All of these concerns are familiar from many other writers in recent days, weeks, and months. What needs to be done is also fairly clear. The more organized the opposition is today, the better chance the people will have of defending our democracy tomorrow in a true crisis.
I have little to add to what has already been written, beyond one thought.
It has been remarkable to see George W. Bush’s image being rehabilitated by comparison to the current president. And it is true that in comparison to a mentally ill, pathologically lying, corruptly self-dealing, serial sexual assaulting demagogue who rose to the presidency in significant part through racist appeals, George W. Bush’s mere ignorance, ideological blind spots, and self-serving, catastrophically harmful delusions of military grandeur seem less awful than they once did. It is fair to say: well, at least Bush could be a decent human being, unlike the current president. At least he meant well, sometimes, and had some experience as a governor.
But this only makes me wonder: will we one day look back with a faint nostalgia on the Trump years? What would a president look like who would make Donald Trump seem as tame by comparison as George W. Bush seems in comparison to Trump?
Perhaps one day, not too long from now, if the democratic rot continues, we will have a new president who will lead us to say, in retrospect: well, at least Trump wasn’t openly white supremacist. He may have had paranoid delusions and a debilitating personality disorder, and he may have praised and favored murderous foreign tyrants, but at least he hadn’t personally murdered anyone. He may have been the pawn of foreign powers, but at least he was the unwitting pawn. He may have talked about the press being the enemy of the people, but at least he didn’t order the arrest of journalists and the mass killing of protesters. He may have lied pathologically, but at least he wanted to be believed. At least he had a sense of humor.
I wonder if Romans living under Caligula felt like we feel today, anxiously awaiting the end of a disastrous rule, unaware that the rot went deeper than any one leader, and that just around the corner lay even greater disaster.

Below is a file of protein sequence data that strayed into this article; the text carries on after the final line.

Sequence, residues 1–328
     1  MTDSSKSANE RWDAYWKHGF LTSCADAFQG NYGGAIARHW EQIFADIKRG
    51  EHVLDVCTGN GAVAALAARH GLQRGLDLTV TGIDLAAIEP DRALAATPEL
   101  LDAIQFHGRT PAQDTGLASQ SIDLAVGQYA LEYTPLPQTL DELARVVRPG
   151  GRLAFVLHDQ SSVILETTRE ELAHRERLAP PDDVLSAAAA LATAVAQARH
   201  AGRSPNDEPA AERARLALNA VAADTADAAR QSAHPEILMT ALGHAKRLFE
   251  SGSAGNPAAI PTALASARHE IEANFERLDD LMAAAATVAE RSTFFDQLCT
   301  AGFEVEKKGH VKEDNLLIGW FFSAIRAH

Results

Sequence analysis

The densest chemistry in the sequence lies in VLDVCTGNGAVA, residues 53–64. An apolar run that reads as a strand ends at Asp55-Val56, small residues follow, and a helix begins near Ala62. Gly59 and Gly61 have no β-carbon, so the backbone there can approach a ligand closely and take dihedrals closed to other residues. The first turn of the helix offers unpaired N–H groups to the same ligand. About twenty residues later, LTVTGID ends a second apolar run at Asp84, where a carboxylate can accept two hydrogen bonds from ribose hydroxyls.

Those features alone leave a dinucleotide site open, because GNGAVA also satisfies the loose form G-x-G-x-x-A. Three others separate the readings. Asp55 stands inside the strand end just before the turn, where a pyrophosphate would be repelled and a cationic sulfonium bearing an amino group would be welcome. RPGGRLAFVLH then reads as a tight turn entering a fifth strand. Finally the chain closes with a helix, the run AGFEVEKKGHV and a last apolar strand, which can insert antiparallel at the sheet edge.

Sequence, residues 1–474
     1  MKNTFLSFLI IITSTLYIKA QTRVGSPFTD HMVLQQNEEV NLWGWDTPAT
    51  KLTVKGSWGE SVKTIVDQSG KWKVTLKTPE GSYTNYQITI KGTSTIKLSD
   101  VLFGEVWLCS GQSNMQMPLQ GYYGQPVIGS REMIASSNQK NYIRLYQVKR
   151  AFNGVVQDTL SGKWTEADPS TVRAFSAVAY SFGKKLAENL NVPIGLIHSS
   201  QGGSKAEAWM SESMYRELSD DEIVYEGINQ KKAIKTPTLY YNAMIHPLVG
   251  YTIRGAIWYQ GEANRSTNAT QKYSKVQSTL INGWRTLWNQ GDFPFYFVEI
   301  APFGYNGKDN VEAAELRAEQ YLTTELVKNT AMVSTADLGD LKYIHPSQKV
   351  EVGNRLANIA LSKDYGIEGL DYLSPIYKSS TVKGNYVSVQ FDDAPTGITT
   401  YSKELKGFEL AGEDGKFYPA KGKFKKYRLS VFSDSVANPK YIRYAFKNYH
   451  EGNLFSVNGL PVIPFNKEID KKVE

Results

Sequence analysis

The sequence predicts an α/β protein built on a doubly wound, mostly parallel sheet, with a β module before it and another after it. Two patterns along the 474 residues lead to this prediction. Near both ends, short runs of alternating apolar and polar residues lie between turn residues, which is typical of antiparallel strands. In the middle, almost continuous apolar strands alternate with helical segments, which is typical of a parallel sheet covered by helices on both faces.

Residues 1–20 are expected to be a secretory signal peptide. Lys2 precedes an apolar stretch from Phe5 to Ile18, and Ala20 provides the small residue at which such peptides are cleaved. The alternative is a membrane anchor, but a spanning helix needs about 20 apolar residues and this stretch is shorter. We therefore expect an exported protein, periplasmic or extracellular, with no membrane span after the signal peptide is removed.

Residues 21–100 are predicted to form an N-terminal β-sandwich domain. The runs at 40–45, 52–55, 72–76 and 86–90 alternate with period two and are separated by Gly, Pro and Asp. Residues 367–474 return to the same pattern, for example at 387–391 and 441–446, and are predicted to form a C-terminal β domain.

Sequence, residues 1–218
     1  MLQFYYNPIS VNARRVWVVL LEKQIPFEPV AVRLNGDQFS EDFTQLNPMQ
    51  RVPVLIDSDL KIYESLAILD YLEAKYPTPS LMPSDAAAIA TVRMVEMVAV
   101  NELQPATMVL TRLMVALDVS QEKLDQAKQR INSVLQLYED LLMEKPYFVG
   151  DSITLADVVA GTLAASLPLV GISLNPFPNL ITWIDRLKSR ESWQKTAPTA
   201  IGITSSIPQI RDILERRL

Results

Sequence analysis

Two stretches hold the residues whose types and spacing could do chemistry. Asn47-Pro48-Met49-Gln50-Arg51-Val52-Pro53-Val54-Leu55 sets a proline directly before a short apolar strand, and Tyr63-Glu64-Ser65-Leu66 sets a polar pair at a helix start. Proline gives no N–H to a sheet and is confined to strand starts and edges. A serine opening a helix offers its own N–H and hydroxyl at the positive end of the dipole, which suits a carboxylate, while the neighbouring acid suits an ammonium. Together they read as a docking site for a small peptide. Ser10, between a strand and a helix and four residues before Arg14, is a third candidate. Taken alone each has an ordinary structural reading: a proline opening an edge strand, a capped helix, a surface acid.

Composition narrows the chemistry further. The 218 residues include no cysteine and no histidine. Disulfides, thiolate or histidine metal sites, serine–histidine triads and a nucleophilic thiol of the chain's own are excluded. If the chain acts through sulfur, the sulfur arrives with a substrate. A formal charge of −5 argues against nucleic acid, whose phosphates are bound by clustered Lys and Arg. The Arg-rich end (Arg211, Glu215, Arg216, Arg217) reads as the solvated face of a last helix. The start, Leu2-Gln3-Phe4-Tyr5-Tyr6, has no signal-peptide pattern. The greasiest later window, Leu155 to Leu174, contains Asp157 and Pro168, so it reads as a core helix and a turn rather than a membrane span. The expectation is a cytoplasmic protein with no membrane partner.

But there are other possibilities. It remains possible that our current democratic rot may contain the soil for a coming democratic renewal. Drawing on Stephen Skowronek’s theory of “political time,” several writers—including Skowronek himself—have plausibly suggested that Trump’s presidency may best be understood as a “disjunctive” one, like the presidency of Jimmy Carter. It may open the way to the foundation of a new political regime based on new political alignments, just as Carter’s presidency marked the collapse of the New Deal regime and the transition toward the Reagan regime, which has continued to orient American politics up to the present day.
If Trump is the Carter of the Reagan era, and what comes next has the rare potential to be transformational and new, then it becomes all the more important not only to oppose Trump but to lay the intellectual and institutional foundations for a progressive successor regime. Stephen Bannon, for example, already has a clear idea for what could follow the Reagan era. Just as Reagan’s framing of politics around the question of big government versus small government favored the economic right—who wants big government?—Bannon would like to see politics oriented around a choice between “nationalism” and “globalism,” which will naturally favor ethnic and religious xenophobes and traditionalists—who prefers allegiance to a faceless global abstraction above faithfulness to country, neighbors, friends? With Russia’s help, the ideas of Bannon and others like him continue to gain in strength and popularity.
It is more urgent than ever for progressives to think through alternatives—to think through the ideas that might help organize a new progressive era. This was one of the questions that originally inspired this blog, and it is a question that continues to have no clear answers. My own tentative thoughts would start with this post, which dealt with an economic idea. But must a new progressive era have economic thought and policy at its center? (I suspect yes.) If so, what book could be to a new progressive era as, for example, Milton Friedman’s Capitalism and Freedom was to the Reagan era? Around what opposition would progressives like to organize a political regime, if not “big government” versus “small government”? If we were to elect our Reagan, what would we want her to say?
Comments are welcome.